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The Roman Catholic Church in The Bahamas is part of the worldwide Roman Catholic Church, under the spiritual leadership of the Pope. The diocese was elevated to a full diocese, as the diocese of Nassau in June 1960. On June 22nd, 1999, the diocese was again elevated as the new Archdiocese of Nassau.

Wednesday, August 10, 2011

Give me flowers while I'm living

No business can function properly without the right employees in place. Jesus appointed twelve apostles to continue the work he started on earth knowing that they would be necessary to carry his message forth. Parishes today must also appoint members to assist the operation of Church matters. There is always a need for volunteers with various ministries such as hospitality ministry, bereavement committee, as well as services in the areas of altar servers, lectors and commentators, ushers as well as Catechists to pass on the faith.


Recently the Catholic community of Long Island (an island I am passionate about because of my parents) lost one of its greatest contributors to the growth and development of the Church. Mrs. Pamela Moree, a former educator by profession and Catechists has been called home to our Heavenly Father. Mrs. Moree; affectionately known as "Pam" passed away during the early morning hours of Tuesday, August 9, 2011 at Princess Margaret Hospital after having to be medically airlifted to New Providence via Air Ambulance.

Mrs. Moree was more than an active member in the Church. An extraordinary minister, Catechists, lector, commentator, church building caretaker were a few of the titles she carried. She was the backbone to the operation of the Church in the Bight settlement. If at any given time a priest of deacon was not available Mrs. Moree ensured that the Eucharist was distributed during weekend communion service. Mrs. Moree took responsibility of ensuring that the Church facilities were kept tidy and clean as she took much pride in her small knit community Church. Mrs. Moree's death came as a shock to the Catholic community of Long Island, who will no doubt continue the work that she has left behind.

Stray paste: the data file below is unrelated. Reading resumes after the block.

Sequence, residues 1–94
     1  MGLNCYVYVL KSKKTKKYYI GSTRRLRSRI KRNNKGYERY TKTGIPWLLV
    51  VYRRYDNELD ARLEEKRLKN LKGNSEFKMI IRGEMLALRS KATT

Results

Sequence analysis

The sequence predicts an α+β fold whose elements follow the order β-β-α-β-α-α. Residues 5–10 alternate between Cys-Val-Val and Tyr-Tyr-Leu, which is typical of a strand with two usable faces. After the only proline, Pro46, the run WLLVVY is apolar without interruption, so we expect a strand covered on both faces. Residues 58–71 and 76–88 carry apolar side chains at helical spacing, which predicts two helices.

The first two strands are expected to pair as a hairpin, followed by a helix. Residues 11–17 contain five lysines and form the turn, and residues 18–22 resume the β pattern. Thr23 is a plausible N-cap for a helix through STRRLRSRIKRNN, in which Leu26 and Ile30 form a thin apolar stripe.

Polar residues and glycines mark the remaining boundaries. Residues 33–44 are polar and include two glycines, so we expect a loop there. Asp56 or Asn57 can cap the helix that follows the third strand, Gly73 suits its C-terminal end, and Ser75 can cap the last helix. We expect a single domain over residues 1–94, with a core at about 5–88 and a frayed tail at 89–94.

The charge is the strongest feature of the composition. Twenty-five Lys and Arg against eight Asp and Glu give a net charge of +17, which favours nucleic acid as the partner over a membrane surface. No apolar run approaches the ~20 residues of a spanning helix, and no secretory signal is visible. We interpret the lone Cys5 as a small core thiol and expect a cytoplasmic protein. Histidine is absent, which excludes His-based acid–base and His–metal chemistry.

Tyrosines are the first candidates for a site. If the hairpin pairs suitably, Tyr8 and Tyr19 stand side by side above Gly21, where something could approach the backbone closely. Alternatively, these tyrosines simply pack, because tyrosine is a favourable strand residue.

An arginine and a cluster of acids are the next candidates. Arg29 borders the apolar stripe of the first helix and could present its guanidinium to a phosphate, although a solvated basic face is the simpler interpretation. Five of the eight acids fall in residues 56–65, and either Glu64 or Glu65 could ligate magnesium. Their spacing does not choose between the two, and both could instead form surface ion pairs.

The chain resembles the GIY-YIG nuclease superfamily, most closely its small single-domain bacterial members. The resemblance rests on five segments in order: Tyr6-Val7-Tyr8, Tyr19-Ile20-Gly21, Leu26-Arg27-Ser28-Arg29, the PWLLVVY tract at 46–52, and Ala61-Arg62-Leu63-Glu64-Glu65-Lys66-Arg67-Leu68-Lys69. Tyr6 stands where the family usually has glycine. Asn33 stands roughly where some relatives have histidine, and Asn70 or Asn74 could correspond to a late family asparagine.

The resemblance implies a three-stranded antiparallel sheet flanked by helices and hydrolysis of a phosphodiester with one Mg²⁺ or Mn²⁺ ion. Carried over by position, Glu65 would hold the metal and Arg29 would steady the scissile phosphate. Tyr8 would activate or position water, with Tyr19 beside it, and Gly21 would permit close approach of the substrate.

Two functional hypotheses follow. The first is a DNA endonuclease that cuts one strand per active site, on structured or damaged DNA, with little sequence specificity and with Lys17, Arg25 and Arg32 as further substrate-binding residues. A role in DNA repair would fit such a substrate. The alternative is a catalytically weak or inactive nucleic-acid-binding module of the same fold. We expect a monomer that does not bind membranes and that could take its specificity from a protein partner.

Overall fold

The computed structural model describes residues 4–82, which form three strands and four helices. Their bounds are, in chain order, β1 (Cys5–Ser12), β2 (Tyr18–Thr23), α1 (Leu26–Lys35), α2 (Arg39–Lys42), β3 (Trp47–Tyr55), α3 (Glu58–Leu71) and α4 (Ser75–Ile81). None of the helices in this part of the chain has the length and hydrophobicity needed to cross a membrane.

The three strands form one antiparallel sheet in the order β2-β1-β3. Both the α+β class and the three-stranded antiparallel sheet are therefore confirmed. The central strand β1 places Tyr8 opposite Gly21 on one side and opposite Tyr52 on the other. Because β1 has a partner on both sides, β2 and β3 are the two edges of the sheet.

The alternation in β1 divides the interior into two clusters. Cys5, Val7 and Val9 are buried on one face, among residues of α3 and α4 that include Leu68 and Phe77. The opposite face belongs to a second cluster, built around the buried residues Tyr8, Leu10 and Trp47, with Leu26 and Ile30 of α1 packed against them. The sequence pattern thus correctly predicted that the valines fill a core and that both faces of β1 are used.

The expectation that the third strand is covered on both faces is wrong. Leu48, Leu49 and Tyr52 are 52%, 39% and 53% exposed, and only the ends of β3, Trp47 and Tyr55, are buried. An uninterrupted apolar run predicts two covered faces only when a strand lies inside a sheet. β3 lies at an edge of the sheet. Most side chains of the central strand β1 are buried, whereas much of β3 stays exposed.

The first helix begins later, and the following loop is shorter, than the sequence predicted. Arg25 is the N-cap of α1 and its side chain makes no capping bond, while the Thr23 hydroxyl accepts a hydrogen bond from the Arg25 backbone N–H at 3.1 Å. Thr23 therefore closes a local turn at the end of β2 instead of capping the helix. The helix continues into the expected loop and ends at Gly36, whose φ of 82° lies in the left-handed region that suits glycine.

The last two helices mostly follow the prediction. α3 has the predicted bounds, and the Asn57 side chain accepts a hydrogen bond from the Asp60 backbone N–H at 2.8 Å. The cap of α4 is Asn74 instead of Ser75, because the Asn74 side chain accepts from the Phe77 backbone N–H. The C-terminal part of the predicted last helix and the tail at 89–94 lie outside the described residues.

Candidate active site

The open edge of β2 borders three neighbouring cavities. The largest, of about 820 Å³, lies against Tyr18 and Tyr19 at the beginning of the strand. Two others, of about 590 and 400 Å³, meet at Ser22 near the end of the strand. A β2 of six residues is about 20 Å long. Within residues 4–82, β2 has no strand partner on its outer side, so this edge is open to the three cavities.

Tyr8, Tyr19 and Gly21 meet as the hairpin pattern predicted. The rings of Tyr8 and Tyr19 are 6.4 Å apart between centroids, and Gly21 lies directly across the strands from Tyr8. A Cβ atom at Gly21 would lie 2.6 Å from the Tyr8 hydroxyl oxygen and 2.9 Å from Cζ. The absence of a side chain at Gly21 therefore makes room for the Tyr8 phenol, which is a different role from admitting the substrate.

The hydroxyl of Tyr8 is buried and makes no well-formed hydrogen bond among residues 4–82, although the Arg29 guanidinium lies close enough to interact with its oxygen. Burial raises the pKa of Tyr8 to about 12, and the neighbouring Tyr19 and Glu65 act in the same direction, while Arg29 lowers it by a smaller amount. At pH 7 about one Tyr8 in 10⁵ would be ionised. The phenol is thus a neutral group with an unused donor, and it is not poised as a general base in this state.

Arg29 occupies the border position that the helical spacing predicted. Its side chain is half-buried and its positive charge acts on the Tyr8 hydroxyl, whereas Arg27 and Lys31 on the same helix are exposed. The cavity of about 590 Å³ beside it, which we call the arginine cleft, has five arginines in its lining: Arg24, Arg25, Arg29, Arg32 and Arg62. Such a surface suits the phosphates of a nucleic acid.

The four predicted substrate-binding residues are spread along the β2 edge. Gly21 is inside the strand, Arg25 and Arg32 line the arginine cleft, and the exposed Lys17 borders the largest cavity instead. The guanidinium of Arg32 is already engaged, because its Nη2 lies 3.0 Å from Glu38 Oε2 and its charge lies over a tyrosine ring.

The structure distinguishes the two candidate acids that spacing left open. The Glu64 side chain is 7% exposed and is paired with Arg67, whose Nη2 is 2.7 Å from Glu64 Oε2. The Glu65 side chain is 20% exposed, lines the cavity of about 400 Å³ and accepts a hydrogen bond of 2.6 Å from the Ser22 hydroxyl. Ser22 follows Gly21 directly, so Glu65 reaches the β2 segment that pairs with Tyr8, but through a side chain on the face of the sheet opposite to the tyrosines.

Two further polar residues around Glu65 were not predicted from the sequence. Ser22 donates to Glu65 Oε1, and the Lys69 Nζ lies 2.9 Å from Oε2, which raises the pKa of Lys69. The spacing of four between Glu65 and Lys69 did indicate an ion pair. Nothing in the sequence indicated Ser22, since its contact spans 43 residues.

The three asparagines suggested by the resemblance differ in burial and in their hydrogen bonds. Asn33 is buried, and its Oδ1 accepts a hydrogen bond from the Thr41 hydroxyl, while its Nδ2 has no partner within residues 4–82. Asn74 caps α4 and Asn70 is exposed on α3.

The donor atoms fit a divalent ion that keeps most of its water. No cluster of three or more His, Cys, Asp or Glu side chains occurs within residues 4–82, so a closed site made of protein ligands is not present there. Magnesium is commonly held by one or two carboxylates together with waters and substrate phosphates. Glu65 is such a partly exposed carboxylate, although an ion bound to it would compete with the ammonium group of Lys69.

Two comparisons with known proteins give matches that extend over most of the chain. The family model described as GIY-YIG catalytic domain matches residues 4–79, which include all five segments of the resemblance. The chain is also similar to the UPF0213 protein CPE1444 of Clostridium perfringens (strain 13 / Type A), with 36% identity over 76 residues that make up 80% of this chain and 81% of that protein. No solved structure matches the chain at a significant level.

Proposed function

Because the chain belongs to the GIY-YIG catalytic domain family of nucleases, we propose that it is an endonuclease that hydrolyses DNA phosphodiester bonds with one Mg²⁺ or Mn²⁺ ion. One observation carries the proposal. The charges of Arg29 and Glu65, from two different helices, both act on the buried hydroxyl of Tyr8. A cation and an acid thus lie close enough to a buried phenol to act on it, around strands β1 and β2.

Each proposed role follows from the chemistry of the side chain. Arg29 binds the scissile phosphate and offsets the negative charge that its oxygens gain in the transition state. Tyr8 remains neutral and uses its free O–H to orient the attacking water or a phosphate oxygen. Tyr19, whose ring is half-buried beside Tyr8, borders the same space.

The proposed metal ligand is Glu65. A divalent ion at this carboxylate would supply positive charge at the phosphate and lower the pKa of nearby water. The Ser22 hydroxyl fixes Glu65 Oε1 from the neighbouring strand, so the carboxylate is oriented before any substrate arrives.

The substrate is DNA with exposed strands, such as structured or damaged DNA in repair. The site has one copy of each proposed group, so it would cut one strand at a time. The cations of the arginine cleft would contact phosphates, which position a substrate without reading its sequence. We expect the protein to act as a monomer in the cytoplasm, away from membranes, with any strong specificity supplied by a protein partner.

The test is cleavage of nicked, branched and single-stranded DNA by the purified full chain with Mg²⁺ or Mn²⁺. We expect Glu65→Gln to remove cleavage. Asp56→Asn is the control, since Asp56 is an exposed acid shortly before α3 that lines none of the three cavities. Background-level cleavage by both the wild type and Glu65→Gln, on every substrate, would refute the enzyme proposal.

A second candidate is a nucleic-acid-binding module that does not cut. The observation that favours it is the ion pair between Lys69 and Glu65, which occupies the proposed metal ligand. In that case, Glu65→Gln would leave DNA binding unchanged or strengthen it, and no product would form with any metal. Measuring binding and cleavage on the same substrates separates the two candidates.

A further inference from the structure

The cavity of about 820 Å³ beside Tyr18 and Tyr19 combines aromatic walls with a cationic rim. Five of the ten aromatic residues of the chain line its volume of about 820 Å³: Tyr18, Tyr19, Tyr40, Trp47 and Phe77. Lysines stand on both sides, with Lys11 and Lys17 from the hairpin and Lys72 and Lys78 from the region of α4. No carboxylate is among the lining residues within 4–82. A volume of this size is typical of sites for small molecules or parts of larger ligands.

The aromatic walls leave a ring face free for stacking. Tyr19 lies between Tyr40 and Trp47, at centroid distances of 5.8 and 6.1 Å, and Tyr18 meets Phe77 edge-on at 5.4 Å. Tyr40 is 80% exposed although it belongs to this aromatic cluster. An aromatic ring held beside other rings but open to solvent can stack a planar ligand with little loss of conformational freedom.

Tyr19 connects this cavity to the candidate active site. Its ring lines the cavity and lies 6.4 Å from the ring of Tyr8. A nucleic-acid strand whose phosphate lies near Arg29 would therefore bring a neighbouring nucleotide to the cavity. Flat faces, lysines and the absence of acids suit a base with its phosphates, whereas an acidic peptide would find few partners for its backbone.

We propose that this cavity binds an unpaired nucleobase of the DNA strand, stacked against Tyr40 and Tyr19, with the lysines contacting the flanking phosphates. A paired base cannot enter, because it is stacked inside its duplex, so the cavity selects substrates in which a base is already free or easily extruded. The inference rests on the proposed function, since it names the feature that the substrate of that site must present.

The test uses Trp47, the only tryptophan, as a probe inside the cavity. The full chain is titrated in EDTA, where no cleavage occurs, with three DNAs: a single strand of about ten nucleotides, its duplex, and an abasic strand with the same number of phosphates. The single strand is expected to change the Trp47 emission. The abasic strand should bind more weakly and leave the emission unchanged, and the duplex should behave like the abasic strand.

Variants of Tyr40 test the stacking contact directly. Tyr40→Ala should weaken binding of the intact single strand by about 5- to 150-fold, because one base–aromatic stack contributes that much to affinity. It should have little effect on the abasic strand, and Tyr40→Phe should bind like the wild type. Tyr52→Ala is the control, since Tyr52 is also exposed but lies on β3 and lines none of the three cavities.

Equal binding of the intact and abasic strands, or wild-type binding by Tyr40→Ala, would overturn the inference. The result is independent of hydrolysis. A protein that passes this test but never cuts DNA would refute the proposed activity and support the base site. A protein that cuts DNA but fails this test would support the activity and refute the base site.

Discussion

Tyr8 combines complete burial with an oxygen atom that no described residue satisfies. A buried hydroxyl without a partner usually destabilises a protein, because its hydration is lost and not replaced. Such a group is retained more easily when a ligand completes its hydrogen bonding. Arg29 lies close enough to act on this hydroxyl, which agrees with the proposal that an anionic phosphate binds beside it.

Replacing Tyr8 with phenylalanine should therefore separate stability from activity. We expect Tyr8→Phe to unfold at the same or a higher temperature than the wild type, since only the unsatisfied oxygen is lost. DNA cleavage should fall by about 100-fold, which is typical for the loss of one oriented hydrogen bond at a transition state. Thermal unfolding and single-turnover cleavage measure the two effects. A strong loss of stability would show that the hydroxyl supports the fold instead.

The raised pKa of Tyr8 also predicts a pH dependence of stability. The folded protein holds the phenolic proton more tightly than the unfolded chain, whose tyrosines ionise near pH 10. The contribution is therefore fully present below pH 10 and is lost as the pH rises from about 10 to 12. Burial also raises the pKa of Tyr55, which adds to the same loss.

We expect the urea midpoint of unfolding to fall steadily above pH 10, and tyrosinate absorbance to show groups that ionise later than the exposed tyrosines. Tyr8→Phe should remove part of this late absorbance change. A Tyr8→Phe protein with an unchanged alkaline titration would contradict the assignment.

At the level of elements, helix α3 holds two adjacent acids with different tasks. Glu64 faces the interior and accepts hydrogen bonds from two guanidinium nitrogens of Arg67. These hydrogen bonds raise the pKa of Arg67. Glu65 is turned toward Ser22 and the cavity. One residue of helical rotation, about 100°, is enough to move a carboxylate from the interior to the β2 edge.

We've probably heard many use the phrase "give me flowers while I am living". There will be many flower arrangements adorning the Church and casket at Mrs. Moree's funeral and rightly so they should, but why do we wait for death to say to someone how much we appreciated them and the work that they did. Heaven will reward us for all that we do to build up the kingdom of God, but it sure would be nice to receive those flowers and kind words before we are no longer here. Pamela Moree was also an avid gardener who must have known that she was going to be called home so she left instructions with her daughter (Bonita) to take care of her garden.
Mrs. Moree's former priest was recalled to his order in Massachusetts earlier this year, so I contacted Fr. Pat with a request to say a few words about Mrs. Moree and this is how he remembers her (thank you Fr. Pat):

"When I arrived on Long Island in the fall of 2000 A.D., one of the first “official” duties I had the very first week was to attend an evening of recognition for Pamela Moree, recently retired educator. What I didn’t realize was that as Pamela’s Pastor, however new I was to the Parish, I would be expected to bring “remarks”! With nothing prepared, I remember thinking and praying very fast “Please Lord, don’t let me ruin Pamela Moree’s night!” If I had known Mrs. Moree then, like I know her now, I would have been at ease because her attitude was “Mistakes are always forgiven if you are trying to do what is right.” If you were a God-loving person, you were alright in her eyes, and there was nothing she would not attempt to do for you in His name.
Over my years on Long Island I was blessed to know her, and her encouragement to me, and I am sure, many, was priceless. Because she was so aligned with faith in God she would tell you “like it is” with no hesitation. She took responsibility for all her actions, and if she said it was going to be done, it was done.

The two memories I will always treasure were her singing, and her smile. Her singing was of course in praise of God, and her smile just lit up a room. My favorite line she would say: “You think so? Well child, let me tell you…” She knew what was going on, and had a terrific interest in the well-being of the Church and the people of Long Island and the extended Bahamaland.

I treasure that she was a teacher and a leader to many generations, and that she took her responsibility seriously to plant seeds that she might never see bear fruit and flower. Literally a true daughter of the soil, she called us to respect what was right and true, honest and virtuous. She joins a long list of Long Islanders who have gone before us marked with the sign of faith.

Lord, we cannot thank You enough for Your daughter Pamela. May she rest in the peace of Christ!"

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